(Available on request).
4. Charles, D., Benneworth, P. (2001). `The regional mission: The
regional contribution of higher education: National Report'. Universities
UK/HEFCE, London (published with nine regional reports). (Available on
5. Charles, D., Wilson, B. (2012). `Managing regional engagement: The
role of benchmarking'. In Pinheiro, R., Benneworth, P., Jones, G. (eds.) Universities
and Regional Development: A Critical Assessment of Tensions and
Contradictions, Routledge, pp. 219-237. (Available on request).
||David Charles /
||Regional profiles of higher
||Nov 1999 –
||The regional contribution
of higher education
||Survey of UK higher
education interaction with
||Jan 2001 –
||Contribution of higher
education to Northern
||Jan 2002 –
||Development of a
benchmarking tool for the
PASCAL project on
universities and regional
Details of the impact
Understanding the contribution of HEIs to regions
PURE had as its focus the impact of HE partnerships on regional
development. It aimed to set realistic tasks and targets for HE
partnership-based regional development. The project used a consultative
and developmental approach to help HEIs implement change. Within each
region, a review was undertaken of university engagement through
partnerships with other regional bodies. These reviews specifically used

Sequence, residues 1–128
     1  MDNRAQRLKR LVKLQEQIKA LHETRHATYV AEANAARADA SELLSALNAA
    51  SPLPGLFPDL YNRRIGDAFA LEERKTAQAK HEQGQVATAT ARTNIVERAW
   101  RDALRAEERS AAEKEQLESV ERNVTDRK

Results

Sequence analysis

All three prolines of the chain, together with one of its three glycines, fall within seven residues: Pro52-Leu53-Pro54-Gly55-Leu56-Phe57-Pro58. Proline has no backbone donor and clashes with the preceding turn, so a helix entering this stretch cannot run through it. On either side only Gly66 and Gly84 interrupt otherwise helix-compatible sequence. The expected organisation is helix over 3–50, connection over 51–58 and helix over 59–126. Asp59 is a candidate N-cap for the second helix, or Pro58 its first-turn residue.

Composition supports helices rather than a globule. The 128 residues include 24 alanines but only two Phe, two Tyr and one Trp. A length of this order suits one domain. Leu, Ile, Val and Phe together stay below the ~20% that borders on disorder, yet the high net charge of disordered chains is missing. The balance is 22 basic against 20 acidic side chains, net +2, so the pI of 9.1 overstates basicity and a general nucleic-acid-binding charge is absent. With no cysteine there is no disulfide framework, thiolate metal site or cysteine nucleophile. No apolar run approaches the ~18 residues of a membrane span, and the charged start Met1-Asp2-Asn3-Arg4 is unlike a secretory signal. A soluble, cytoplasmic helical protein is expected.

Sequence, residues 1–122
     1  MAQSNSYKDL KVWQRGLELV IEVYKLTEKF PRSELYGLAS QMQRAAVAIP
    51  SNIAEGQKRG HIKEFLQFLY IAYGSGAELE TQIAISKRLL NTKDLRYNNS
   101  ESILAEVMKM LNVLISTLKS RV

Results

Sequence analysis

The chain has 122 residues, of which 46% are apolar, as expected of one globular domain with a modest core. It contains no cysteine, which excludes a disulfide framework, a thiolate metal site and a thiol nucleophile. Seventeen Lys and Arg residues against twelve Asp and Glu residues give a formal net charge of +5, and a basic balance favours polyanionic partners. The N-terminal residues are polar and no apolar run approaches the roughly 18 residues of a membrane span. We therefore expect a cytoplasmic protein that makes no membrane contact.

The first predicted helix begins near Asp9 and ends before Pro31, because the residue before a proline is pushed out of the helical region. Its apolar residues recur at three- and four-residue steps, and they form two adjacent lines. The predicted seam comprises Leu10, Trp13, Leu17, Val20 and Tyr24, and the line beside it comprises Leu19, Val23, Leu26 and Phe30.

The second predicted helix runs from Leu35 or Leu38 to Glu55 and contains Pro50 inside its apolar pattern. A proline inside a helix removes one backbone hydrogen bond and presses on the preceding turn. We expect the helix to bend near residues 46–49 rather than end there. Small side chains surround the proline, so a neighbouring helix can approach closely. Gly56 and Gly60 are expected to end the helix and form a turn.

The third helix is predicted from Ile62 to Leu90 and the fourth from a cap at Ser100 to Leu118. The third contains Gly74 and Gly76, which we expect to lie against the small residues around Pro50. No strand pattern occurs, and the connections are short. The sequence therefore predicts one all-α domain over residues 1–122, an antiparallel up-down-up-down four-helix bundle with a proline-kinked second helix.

the regional and university benchmarking tools developed by Charles (IMP1).
The tools are also publically available on the PASCAL website for others
Using the assessment tools — PURE and beyond
Sixteen regions were engaged in a two-year study from 1 January 2009 to 31
December 2010, with a second cohort starting in 2011 taking the total
number of participating regions to 19. The regions accessed the
benchmarking materials in a variety of ways. In Puglia, for example, "benchmarking
was used and universities, notably the `naturally conservative'
University of Bari, used the tool and found it valuable. It was
experienced as almost a `road to Damascus' experience" (IMP2p3).
Further selected examples are provided as follows.
Participants from Flanders reported that the benchmarking exercise "brought
together the vast array of disparate information about third mission
activities organised within the Flemish institutions. For the first
time, a report was made on these activities and most HEI actors involved
concluded that they were pleasantly surprised by seeing how many third
mission activities already exist....The booklet containing the good
practices was disseminated within a lot of organisations and opened new
insights on possible cooperation" (IMP3p2).